Transaction fraud insights - Amazon Fraud Detector

Transaction fraud insights

The Transaction Fraud Insights model type is designed to detect online, or card-not-present, transaction fraud. Transaction Fraud Insights is a supervised machine learning model, which means that it uses historical examples of fraudulent and legitimate transactions to train the model.

The Transaction Fraud Insights model uses an ensemble of machine learning algorithms for data enrichment, transformation, and fraud classification. It leverages a feature engineering engine to create entity-level and event-level aggregates. As part of the model training process, Transaction Fraud Insights enriches raw data elements like IP address and BIN number with third-party data such as the geolocation of the IP address or the issuing bank for a credit card. In addition to third-party data, Transaction Fraud Insights uses deep learning algorithms that take into account fraud patterns that have been seen at Amazon and AWS These fraud patterns become input features to your model using a gradient tree boosting algorithm.

To increase performance, Transaction Fraud Insights optimizes the hyper parameters of the gradient tree boosting algorithm via a Bayesian optimization process, sequentially training dozens of different models with varying model parameters (such as number of trees, depth of trees, number of samples per leaf) as well as different optimization strategies like upweighting the minority fraud population to take care of very low fraud rates.

As part of the model training process, the Transaction Fraud model’s feature engineering engine calculates values for each unique entity within your training dataset to help improve fraud predictions. For example, during the training process, Amazon Fraud Detector computes and stores the last time an entity made a purchase and dynamically updates this value each time you call the GetEventPrediction or SendEvent API. During a fraud prediction, the event variables are combined with other entity and event metadata to predict whether the transaction is fraudulent.

Selecting data source

Transaction Fraud Insights models are trained on dataset stored internally with Amazon Fraud Detector (INGESTED_EVENTS) only. This allows Amazon Fraud Detector to continuously update calculated values about the entities you are evaluating. For more information about the available data sources, see Choose storage location for your event dataset

Preparing data

Before you train a Transaction Fraud Insights model, ensure that your data file contains all headers as mentioned in Prepare event dataset. The Transaction Fraud Insights model compares new entities that are received with the examples of fraudulent and legitimate entities in the dataset, so it is helpful to provide many examples for each entity.

Amazon Fraud Detector automatically transforms the stored event dataset into the correct format for training. After the model has completed training, you can review the performance metrics and determine whether you should add entities to your training dataset.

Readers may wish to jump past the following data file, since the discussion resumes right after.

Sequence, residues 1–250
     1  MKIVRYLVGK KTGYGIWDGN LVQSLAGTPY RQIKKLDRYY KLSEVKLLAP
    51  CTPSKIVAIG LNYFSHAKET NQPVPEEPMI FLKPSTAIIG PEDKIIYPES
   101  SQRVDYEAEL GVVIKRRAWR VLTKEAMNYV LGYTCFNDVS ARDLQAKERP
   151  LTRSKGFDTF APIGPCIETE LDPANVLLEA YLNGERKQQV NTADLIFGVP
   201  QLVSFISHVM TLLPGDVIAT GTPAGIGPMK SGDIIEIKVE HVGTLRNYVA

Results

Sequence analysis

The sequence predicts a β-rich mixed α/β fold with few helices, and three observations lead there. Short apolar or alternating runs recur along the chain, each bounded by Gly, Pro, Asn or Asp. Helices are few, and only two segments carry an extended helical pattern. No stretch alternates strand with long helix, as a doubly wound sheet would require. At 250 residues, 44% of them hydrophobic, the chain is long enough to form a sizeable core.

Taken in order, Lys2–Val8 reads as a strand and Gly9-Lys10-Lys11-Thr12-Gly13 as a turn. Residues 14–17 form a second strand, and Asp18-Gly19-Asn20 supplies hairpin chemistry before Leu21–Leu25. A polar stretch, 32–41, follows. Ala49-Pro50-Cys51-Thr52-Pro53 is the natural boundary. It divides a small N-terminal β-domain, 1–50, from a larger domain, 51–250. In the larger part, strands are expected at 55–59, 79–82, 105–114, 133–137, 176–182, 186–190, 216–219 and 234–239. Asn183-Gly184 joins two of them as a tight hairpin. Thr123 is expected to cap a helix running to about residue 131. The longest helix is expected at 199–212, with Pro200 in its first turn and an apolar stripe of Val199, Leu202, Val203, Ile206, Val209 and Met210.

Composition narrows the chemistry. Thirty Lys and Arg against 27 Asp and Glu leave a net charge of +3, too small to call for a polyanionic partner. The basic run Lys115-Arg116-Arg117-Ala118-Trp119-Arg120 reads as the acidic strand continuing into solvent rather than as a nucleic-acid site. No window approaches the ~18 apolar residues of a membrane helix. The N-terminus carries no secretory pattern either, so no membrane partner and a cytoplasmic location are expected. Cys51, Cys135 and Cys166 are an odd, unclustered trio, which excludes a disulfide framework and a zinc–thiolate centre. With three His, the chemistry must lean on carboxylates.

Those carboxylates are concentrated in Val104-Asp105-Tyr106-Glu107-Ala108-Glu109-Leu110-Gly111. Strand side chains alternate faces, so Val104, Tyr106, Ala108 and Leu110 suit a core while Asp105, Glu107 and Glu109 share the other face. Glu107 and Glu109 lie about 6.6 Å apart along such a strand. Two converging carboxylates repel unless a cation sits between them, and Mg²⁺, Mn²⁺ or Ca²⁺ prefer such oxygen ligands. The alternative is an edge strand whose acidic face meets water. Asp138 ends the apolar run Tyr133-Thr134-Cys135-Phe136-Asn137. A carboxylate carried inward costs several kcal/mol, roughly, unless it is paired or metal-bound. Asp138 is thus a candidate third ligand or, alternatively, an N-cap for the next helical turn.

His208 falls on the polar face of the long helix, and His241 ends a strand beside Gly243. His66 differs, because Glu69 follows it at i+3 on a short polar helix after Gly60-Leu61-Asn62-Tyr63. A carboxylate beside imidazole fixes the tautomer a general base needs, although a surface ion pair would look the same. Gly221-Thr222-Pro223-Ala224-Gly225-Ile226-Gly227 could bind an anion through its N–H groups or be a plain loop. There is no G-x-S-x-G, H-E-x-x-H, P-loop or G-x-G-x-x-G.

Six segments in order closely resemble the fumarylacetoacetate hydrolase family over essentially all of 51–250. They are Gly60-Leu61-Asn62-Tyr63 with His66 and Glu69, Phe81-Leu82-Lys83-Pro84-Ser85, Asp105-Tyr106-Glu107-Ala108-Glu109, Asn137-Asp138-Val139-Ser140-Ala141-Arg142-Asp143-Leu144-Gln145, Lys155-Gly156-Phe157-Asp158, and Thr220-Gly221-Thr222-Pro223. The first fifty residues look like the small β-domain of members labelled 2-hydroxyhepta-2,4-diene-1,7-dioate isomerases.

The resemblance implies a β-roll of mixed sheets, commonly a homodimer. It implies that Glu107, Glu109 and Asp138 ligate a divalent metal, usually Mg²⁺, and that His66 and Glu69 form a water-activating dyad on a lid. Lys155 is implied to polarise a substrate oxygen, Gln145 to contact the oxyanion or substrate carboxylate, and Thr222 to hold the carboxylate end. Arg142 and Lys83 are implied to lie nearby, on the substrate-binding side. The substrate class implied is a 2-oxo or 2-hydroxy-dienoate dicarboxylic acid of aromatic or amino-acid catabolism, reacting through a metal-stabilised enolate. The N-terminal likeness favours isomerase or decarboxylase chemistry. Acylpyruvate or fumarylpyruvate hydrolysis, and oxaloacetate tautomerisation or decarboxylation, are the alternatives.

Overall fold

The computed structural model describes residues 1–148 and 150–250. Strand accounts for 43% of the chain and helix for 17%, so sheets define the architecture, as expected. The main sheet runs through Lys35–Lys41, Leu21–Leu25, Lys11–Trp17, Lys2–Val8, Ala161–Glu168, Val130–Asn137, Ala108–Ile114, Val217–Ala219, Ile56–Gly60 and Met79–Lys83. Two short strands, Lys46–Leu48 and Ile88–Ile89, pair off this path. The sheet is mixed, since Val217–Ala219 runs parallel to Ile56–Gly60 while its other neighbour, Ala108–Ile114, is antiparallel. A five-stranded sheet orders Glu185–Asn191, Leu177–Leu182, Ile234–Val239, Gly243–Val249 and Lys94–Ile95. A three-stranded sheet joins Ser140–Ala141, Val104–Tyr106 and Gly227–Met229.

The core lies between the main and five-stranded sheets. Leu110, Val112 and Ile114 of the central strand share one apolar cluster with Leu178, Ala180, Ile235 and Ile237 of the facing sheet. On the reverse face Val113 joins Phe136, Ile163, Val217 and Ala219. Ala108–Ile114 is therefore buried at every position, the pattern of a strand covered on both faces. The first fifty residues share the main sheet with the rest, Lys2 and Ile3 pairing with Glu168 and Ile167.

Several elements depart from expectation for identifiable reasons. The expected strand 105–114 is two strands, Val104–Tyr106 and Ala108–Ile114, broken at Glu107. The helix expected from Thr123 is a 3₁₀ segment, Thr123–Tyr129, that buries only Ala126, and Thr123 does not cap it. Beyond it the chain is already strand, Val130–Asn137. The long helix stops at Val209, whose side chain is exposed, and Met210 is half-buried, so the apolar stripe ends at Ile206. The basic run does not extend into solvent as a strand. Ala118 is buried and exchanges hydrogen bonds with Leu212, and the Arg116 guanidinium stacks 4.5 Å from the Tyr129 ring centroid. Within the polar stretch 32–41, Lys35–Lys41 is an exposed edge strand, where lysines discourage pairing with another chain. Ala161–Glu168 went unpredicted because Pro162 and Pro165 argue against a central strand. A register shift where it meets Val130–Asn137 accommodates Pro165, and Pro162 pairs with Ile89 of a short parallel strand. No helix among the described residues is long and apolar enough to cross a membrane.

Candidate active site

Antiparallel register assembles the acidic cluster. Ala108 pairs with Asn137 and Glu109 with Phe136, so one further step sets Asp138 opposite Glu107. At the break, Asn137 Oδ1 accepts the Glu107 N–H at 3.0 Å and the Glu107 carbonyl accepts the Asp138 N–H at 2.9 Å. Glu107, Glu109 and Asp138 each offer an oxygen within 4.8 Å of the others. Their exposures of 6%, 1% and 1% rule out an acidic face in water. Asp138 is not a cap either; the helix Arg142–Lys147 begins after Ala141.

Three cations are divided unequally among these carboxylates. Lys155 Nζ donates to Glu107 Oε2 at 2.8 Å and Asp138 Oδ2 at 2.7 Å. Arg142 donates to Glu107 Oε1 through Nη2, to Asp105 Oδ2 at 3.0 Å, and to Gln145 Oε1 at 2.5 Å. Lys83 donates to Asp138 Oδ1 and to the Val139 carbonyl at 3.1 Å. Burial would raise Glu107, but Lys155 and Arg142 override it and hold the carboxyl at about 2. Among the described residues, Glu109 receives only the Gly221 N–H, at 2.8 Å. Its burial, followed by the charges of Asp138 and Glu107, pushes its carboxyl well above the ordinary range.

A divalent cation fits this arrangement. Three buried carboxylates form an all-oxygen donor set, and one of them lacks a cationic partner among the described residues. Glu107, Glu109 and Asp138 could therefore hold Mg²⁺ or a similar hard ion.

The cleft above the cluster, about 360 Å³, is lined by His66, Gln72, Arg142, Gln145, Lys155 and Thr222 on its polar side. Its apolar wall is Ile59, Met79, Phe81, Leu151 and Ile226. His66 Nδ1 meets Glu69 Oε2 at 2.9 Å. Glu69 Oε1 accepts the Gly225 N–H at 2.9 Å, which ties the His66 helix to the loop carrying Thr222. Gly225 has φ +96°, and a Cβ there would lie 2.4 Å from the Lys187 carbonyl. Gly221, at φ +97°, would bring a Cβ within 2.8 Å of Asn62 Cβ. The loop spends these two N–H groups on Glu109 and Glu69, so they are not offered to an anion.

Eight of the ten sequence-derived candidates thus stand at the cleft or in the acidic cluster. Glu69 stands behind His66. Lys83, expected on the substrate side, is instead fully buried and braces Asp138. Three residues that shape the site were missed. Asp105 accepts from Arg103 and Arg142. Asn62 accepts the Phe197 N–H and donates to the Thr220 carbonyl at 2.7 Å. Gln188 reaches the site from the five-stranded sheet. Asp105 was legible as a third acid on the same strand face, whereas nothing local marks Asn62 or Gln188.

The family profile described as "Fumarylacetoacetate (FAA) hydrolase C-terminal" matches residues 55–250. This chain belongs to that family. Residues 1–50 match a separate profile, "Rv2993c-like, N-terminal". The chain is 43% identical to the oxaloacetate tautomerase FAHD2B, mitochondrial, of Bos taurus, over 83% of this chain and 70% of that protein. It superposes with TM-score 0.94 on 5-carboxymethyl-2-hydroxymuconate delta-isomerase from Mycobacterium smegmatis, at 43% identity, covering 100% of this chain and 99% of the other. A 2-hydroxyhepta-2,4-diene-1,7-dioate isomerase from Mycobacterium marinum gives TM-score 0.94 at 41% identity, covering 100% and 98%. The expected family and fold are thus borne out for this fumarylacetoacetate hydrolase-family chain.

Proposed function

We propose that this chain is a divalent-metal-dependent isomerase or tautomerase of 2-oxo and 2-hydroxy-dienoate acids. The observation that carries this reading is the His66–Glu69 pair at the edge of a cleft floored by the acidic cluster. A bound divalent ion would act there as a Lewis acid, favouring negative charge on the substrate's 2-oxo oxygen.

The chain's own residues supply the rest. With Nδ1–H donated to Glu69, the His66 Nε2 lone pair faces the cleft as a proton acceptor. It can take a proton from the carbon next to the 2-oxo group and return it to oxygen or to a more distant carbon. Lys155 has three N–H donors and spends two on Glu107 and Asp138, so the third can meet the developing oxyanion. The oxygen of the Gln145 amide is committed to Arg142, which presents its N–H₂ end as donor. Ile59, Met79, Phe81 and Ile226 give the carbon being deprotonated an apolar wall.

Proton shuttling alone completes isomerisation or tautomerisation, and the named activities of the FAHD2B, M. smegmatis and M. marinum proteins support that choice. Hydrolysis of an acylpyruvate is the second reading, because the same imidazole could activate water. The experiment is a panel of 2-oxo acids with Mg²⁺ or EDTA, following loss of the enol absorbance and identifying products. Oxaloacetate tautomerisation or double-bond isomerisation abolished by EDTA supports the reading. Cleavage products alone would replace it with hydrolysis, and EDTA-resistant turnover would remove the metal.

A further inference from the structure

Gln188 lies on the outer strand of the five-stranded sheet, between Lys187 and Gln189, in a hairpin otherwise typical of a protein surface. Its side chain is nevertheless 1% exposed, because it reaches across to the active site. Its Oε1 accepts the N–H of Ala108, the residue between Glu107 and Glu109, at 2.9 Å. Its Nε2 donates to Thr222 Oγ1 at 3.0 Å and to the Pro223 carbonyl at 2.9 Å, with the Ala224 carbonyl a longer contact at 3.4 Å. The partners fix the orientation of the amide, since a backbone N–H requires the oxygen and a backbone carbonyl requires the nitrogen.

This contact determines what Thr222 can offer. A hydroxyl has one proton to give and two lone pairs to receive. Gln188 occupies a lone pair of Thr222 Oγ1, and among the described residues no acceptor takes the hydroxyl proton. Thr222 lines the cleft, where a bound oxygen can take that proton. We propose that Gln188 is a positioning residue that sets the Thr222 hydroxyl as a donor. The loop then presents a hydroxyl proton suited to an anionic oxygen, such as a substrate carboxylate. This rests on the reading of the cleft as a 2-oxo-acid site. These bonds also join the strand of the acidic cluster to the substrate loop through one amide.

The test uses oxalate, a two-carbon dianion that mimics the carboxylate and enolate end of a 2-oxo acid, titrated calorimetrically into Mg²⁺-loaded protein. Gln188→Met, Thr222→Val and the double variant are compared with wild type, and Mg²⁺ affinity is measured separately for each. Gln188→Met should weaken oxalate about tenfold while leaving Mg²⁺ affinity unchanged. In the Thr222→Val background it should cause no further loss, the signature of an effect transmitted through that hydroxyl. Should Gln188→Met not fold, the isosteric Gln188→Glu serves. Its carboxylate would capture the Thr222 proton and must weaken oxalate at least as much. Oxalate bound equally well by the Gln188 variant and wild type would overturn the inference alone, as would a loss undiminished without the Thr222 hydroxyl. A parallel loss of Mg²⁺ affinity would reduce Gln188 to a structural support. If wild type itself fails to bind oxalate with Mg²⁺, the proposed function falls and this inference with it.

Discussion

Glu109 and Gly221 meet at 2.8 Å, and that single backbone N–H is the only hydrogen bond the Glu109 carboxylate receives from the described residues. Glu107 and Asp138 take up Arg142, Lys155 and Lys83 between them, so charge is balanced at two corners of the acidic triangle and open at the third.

Selecting data

By default, Transaction Fraud Insights trains on your entire stored dataset for the Event Type that you select. You can optionally set a time range to reduce the events that are used to train your model. When setting a time range, ensure that the records that are used to train the model have had sufficient time to mature. That is, enough time has passed to ensure legitimate and fraud records have been correctly identified. For example, for chargeback fraud, it often takes 60 days or more to correctly identify fraudulent events. For the best model performance, ensure that all records in your training dataset are mature.

There is no need to select a time range that represents an ideal fraud rate. Amazon Fraud Detector automatically samples your data to achieve balance between fraud rates, time range, and entity counts.

Amazon Fraud Detector returns a validation error during model training if you select a time range for which there are not enough events to successfully train a model. For stored datasets, the EVENT_LABEL field is optional, but events must be labeled to be included in your training dataset. When configuring your model training, you can choose whether to ignore unlabeled events, assume a legitimate label for unlabeled events, or assume a fraudulent label for unlabeled events.

Event variables

The event type used to train the model must contain at least 2 variables, apart from required event metadata, that has passed data validation and can contain up to 100 variables. Generally, the more variables you provide, the better the model can differentiate between fraud and legitimate events. Although the Transaction Fraud Insight model can support dozens of variables, including custom variables, we recommend that you include IP address, email address, payment instrument type, order price, and card BIN.

Validating data

As part of the training process, Transaction Fraud Insights validates the training dataset for data quality issues that might impact model training. After validating the data, Amazon Fraud Detector takes appropriate action to build the best possible model. This includes issuing warnings for potential data quality issues, automatically removing variables that have data quality issues, or issuing an error and stopping the model training process. For more information, see Dataset validation.

Amazon Fraud Detector will issue a warning but continue training a model if the number of unique entities is less than 1,500 because this can impact the quality of the training data. If you receive a warning, review the performance metric.